Succulent plants originate from the desert and so thrive in dry and arid climates. This makes them the perfect plant to grow on a tree stump. As with the planter tree stump ideas, hollow out your tree stump and preserve it with a wood preserver. Good drainage is essential for succulents so ensure you've drilled plenty of drainage holes. Then line the base of the hole with gravel. Cover with a loose potting medium – soil designed for succulents or cacti are best. Then plant up your succulents and cover the surface of the soil with grit. 

Through rainy periods, cover your tree stump succulent garden with a cloche, or create your own using a large clear umbrella. 

9. Use tree stumps to recreate a campfire setting

Outdoor fireplace ideas with traditional fire pit and wooden stools on rustic decking.

(Image credit: Future / Emma Lee)

The cozy garden equivalent of a campfire, outdoor fireplaces are increasingly popular in outdoor dining ideas for those who wish to prolong their al fresco evenings. Many garden designers are being asked to include them in hang-out zones for families with teenagers. 

However, no campfire is complete without having somewhere to place your drinks and snacks – this is where discarded tree stumps shine. Not only will this add a touch of rustic flair to your backyard, but they're also a real design feature – and can be adapted to suit any space, no matter your style. 

10. Turn a tree stump into a chopping board

Tree stump chopping board with pie

(Image credit: Future)

If you are after a creative weekend DIY project, then making your own rustic chopping board is a surefire way to make a statement in the kitchen or at outdoor dinner parties. 

'Once cut to size, sand it down with an electric hand sander, getting in all the nooks and crannies of the bark,' says interior designer Melanie Lissack. 'Once sanded, wash the wood with warm soapy water and leave to dry. It's advisable to leave your wood indoors untouched for a week or so to dry out.'

'You then need to oil your wood to protect it from food stains. The oil you use needs to be a specific type as your chopping board will be used for food preparation.'

However, if you aren't making your own: ‘Be sure you specify for the highest quality wood for longevity,’ says Frances Hatton-Brown, head of sales, Gaze Burvill, who favors natural materials, such as oak and other sustainable hardwoods. ‘They work well as they complement the exterior aesthetics,’ she adds.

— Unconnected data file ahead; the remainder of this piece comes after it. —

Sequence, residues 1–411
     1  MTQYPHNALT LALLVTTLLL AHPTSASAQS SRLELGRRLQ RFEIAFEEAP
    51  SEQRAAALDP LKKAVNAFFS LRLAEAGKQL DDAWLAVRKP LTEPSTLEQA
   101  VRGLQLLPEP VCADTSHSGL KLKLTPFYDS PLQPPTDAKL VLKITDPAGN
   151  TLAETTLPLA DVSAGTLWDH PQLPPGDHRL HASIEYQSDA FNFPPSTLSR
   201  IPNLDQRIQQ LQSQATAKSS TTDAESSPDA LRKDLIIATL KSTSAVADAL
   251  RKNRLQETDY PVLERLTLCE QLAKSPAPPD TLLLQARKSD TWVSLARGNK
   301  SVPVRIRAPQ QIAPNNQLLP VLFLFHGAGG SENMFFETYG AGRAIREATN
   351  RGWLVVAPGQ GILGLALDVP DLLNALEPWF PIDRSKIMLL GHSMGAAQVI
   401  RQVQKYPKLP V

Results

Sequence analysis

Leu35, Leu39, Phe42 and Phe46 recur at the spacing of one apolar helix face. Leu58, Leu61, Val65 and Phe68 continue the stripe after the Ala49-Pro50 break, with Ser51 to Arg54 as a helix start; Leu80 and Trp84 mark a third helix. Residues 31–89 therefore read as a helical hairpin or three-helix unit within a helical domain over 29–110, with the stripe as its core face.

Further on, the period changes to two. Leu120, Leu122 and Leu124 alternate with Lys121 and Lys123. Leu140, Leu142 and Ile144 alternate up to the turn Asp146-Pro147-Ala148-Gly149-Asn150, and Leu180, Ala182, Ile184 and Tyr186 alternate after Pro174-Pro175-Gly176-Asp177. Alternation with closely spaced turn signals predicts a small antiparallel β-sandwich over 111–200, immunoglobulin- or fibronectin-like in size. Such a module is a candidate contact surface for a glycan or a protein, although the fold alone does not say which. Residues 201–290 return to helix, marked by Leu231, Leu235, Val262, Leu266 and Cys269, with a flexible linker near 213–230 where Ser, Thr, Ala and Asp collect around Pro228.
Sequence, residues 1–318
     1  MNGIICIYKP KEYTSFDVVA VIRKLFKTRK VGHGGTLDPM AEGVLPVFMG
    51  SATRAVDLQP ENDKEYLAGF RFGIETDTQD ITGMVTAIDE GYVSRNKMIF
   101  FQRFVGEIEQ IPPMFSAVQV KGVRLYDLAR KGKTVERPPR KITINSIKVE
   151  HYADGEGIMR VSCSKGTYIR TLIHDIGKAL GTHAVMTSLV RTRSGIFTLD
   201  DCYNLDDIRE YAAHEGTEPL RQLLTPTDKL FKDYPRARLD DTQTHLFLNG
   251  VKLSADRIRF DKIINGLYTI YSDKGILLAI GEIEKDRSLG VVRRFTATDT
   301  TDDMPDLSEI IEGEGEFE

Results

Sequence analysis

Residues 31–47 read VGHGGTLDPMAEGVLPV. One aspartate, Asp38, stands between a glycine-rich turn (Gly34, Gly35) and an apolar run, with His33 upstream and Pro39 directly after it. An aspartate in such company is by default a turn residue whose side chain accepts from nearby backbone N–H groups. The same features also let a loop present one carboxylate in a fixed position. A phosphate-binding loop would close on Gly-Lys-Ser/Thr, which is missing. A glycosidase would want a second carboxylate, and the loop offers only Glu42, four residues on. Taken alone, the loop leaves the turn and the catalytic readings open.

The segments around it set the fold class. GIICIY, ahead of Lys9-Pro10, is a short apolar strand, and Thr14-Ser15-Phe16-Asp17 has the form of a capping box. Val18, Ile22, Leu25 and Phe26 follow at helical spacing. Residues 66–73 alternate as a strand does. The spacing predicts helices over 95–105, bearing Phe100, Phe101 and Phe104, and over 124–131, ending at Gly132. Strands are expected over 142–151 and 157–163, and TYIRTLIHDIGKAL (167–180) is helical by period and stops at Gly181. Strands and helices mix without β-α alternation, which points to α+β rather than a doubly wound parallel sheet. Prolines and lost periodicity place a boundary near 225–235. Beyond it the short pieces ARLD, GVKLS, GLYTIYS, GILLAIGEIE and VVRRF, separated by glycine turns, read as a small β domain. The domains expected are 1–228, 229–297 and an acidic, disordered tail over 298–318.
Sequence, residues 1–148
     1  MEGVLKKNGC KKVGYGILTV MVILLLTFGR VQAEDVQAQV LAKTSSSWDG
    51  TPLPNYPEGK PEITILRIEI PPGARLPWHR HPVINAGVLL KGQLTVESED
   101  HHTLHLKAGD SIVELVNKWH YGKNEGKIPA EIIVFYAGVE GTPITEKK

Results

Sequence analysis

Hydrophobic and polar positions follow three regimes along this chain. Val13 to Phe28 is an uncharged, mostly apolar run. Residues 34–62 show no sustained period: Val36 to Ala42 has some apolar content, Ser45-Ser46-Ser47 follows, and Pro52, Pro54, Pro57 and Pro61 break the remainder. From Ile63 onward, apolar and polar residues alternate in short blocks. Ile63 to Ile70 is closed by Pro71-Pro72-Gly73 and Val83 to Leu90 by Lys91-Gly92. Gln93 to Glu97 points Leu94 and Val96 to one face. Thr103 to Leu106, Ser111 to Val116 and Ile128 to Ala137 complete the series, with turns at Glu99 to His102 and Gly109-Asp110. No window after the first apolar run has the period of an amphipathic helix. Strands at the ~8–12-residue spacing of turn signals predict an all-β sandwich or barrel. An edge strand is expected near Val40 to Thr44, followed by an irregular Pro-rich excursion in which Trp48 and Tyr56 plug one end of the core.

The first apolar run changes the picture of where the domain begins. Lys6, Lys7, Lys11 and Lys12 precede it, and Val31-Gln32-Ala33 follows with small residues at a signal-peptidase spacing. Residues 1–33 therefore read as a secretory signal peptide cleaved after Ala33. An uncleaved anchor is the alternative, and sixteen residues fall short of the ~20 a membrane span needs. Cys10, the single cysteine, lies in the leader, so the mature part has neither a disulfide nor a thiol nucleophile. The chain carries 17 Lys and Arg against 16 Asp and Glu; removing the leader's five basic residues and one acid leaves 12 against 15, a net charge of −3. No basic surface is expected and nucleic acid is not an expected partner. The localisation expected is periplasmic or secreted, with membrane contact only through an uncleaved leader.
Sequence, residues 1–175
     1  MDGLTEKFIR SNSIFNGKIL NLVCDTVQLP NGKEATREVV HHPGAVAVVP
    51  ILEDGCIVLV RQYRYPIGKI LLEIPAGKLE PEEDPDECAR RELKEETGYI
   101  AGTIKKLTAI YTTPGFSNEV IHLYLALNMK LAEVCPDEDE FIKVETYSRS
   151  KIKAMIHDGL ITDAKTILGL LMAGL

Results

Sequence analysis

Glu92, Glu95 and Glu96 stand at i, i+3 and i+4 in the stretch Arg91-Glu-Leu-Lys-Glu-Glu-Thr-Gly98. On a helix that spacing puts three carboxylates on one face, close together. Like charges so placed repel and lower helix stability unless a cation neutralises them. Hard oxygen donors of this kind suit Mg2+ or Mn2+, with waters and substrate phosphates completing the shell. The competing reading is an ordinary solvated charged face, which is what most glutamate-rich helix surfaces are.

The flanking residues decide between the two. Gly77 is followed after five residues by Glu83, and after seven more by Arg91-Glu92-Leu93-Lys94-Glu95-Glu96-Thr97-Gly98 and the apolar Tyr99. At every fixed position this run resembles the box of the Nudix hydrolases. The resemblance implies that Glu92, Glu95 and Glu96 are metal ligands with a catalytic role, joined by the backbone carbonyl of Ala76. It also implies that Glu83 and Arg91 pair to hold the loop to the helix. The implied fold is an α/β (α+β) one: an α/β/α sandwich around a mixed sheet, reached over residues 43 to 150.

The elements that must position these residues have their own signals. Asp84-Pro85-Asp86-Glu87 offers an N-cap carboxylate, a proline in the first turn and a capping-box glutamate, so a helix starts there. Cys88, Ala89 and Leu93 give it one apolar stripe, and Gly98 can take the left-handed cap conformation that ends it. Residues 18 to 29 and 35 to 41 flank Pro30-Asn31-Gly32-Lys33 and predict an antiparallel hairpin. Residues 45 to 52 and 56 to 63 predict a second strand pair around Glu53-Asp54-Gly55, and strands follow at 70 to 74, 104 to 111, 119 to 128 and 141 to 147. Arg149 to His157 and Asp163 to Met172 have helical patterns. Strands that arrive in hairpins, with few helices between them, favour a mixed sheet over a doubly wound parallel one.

What can you make out of a tree stump?

There are lots of things you can make out of a tree stump from easy updates such as adding a saucer or mug to transform your stump into a bird bath or bird feeder through to more complicated projects making your own sundial, planter or outdoor table.

How do you make a stump look pretty?

Make a stump look pretty by transforming it into a planter filled with flowers. Opt for a mix of evergreen plants such as ivy interspersed with trailing annual flowers, that will appear to flow from the heart of the tree stump. Alternatively, plant with layers of bulbs that will add constant interest in an ever-changing floral display. 

Holly Reaney
Content Editor and Sub-editor

Having graduated with a first class degree in English Literature, Holly started her career as a features writer and sub-editor at Period Living magazine, Homes & Gardens' sister title. Working on Period Living brought with it insight into the complexities of owning and caring for period homes, from interior decorating through to choosing the right windows and the challenges of extending. This has led to a passion for traditional interiors, particularly the country-look. Writing for the Homes & Gardens website as a content editor, alongside regular features for Period Living and Country Homes & Interiors magazines, has enabled her to broaden her writing to incorporate her interests in gardening, wildlife and nature.